UNITED STATES DISTRICT COURT WESTERN DISTRICT OF NEW YORK
January 18, 2006
UNITED STATES OF AMERICA,
AARON B. PIKE, GREGORY R. PATTISON, MATTHEW J. HARRISON & RICHARD C. ALICEA, SR., DEFENDANTS.
The opinion of the court was delivered by: Honorable Richard J. Arcara Chief Judge United States District Court
DECISION AND ORDER
Currently before the Court is defendant Matthew Harrison's third motion for severance*fn1 pursuant to Fed. R. Crim. P. 14. Harrison seeks severance on the ground that a separate trial from co-defendant Aaron Pike will permit him to offer exculpatory testimony by Pike.
Under Rule 14, when multiple defendants have been otherwise properly joined in one indictment, the Court may nonetheless grant a severance if it appears that joinder will prejudice the defendant or the government. See Fed. R. Crim. P. 14(a). As this Court has previously noted in denying Harrison's first and second motions to sever:
[t]here is a preference in the federal system for joint trials of defendants who are indicted together. Joint trials play a vital role in the criminal justice system. They promote efficiency and serve the interests of justice by avoiding the scandal and inequity of inconsistent verdicts . . . When defendants properly have been joined under Rule 8(b), a district court should grant severance under Rule 14 only if there is a serious risk that a joint trial would compromise specific trial rights of one of the defendants, or prevent the jury from making a reliable judgment about guilt or innocence . . . When the risk of prejudice is high, a district court is more likely to determine that separate trials are necessary, but . . . less drastic measures, such as limiting instructions, often will suffice to cure any risk of prejudice.
Zafiro v. United States, 506 U.S. 534, 537-40 (1993) (citations and internal quotations omitted). It is well settled that defendants are not entitled to severance merely because they may have a better chance of acquittal in separate trials. Id. at 540. Rules 8(b) and 14 are designed to promote economy and efficiency and to avoid a multiplicity of trials, so long as these objectives can be achieved without substantial prejudice to the right of the defendants to a fair trial. Id.
When a defendant seeks severance because a co-defendant intends to offer exculpatory testimony on his behalf, the Court must consider the four factors set forth in United States v. Finkelstein, 526 F.2d 517 (2d Cir. 1975), cert. denied, 425 U.S. 960 (1976), specifically: (1) the sufficiency of the showing that the co-defendant would testify at a severed trial and waive his Fifth Amendment privilege against self-incrimination; (2) the degree to which the exculpatory testimony would be cumulative; (3) the counter arguments of judicial economy; and (4) the likelihood that the testimony would be subject to substantial, damaging impeachment. Id. at 523-24.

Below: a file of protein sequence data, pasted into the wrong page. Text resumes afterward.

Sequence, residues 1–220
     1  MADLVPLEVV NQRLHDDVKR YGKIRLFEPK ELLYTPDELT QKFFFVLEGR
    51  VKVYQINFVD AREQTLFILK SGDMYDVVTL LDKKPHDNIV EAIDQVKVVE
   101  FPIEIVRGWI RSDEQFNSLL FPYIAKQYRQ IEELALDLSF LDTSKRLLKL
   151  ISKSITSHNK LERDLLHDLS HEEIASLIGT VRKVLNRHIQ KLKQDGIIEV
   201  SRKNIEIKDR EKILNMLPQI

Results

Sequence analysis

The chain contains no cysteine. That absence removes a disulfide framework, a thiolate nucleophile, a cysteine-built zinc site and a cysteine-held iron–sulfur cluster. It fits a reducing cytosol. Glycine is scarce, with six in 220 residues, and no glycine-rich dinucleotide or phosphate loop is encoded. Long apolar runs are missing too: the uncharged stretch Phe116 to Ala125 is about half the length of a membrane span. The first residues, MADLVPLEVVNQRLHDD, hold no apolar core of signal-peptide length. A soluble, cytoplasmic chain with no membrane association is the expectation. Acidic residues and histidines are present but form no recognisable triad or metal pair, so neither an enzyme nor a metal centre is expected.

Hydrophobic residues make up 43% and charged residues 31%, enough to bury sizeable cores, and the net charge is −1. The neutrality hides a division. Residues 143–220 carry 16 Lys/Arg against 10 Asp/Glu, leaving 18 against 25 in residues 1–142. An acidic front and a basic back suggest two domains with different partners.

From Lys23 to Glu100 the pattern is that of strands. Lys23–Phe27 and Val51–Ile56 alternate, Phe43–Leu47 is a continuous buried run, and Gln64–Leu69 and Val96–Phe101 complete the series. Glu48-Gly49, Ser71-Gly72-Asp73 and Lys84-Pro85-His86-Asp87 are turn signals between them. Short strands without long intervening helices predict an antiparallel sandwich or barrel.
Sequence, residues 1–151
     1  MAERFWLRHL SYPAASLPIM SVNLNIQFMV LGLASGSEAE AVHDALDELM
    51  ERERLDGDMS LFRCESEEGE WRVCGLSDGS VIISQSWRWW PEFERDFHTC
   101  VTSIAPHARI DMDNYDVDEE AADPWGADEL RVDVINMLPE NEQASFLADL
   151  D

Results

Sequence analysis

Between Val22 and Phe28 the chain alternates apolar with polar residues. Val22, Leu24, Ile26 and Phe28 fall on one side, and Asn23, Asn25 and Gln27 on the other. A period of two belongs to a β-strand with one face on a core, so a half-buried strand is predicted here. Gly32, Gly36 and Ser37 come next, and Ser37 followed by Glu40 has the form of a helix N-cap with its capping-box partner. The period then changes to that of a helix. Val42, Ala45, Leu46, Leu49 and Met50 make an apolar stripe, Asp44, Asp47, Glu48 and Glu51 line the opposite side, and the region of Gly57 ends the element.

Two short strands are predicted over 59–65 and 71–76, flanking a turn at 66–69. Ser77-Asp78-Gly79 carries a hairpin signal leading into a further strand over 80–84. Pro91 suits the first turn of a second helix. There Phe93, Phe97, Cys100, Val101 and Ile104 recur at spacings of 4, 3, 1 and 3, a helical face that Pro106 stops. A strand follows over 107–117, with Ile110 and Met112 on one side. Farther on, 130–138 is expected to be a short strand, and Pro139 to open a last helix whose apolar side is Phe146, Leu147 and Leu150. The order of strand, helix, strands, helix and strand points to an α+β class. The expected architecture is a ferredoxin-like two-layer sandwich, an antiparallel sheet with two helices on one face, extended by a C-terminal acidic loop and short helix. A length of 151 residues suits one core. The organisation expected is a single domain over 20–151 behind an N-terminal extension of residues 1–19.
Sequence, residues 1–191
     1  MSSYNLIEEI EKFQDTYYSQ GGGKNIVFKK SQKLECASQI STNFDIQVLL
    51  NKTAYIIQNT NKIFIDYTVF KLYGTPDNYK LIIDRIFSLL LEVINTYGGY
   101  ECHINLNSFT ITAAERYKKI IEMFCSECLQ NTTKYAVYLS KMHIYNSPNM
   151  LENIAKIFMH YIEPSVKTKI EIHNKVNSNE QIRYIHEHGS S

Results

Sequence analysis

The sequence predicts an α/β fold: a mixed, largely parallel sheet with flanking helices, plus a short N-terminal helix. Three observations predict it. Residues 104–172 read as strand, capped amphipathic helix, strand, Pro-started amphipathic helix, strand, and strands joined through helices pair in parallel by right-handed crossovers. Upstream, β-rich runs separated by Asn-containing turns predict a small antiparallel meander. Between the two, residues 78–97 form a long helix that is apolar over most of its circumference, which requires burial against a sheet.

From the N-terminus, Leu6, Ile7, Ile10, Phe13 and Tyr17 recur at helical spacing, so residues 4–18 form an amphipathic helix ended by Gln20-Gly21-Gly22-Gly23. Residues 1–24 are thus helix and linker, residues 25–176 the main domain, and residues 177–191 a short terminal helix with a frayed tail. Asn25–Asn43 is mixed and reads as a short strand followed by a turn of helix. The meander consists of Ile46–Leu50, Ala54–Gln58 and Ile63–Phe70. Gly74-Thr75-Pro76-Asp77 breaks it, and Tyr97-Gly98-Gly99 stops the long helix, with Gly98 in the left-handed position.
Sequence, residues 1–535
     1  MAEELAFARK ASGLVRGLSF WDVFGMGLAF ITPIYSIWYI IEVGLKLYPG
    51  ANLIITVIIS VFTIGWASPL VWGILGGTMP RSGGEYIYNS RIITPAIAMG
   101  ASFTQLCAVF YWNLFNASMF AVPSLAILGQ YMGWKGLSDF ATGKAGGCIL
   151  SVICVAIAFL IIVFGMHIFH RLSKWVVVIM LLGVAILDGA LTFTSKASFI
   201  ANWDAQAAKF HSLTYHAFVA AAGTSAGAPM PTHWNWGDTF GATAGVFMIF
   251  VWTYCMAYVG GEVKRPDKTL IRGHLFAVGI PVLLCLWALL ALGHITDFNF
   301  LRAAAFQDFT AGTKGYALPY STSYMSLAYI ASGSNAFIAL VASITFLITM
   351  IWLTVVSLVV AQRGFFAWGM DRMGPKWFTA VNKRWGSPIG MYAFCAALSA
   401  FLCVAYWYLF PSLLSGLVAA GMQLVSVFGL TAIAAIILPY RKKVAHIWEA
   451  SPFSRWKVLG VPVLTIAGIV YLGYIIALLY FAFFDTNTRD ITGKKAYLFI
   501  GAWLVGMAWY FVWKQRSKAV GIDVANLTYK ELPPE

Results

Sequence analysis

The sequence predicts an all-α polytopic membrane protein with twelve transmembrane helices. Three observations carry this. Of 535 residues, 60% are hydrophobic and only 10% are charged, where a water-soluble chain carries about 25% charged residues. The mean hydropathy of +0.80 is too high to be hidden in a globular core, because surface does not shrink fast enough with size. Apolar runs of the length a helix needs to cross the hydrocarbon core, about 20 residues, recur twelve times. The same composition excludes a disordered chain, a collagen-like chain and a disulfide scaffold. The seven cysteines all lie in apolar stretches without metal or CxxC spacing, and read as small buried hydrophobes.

With respect to the first factor, co-defendant Aaron Pike has provided an affidavit wherein he states, in sum and substance:
2. Although I am not willing to be called as a witness by any co-defendant in a joint trial, I would agree to waive my Fifth Amendment privilege and testify at a separate trial of Matthew Harrison.
3. At a separate trial of Mr. Harrison, I would testify that, to my knowledge, Mr. Harrison was not a participant in the drug distribution conspiracy alleged in count one of the pending second superseding indictment.
Pike's wholly conclusory statement that Harrison was not a "participant" of the alleged drug conspiracy is insufficient to meet the showing required in Finkelstein. The affidavit is devoid of any facts upon which that conclusory statement is made. For example, Pike does not say that he would testify that he personally never provided any drugs to Harrison for distribution.
Additionally, Pike's offer of exculpatory testimony is implicitly conditioned on its presumption that Harrison be tried after Pike. The third motion to sever was made on January 9, 2006, just days before the trial of Harrison and the remaining co-defendants was scheduled to commence.*fn2 Aside from being untimely, the motion appears to be based upon the presumption that if a severance is granted, trial would proceed as scheduled against the remaining co-defendants, but Harrison would be rescheduled for trial at a later date. Given that the Court and counsel for the remaining defendants have cleared their schedule for the next six weeks (the anticipated length of the trial), this presumption is likely accurate. However, the Second Circuit has cautioned that an offer of exculpatory testimony that is conditioned on the moving defendant being tried last "smacks of bad faith." See United States v. Bari, 750 F.2d 1169, 1177 (2d Cir. 1984). In light of Pike's not guilty plea, "it is unrealistic to think that [he] 'would be any more willing to waive his constitutional privilege against self-incrimination when called as a witness at a separate trail than he would be willing to insist upon his privilege as a defendant not to take the stand.'" Finkelstein, 526 F.2d at 524 (quoting Gorin v. United States, 313 F.2d 641, 646 (1st Cir.), cert. denied, 374 U.S. 829 (1963)).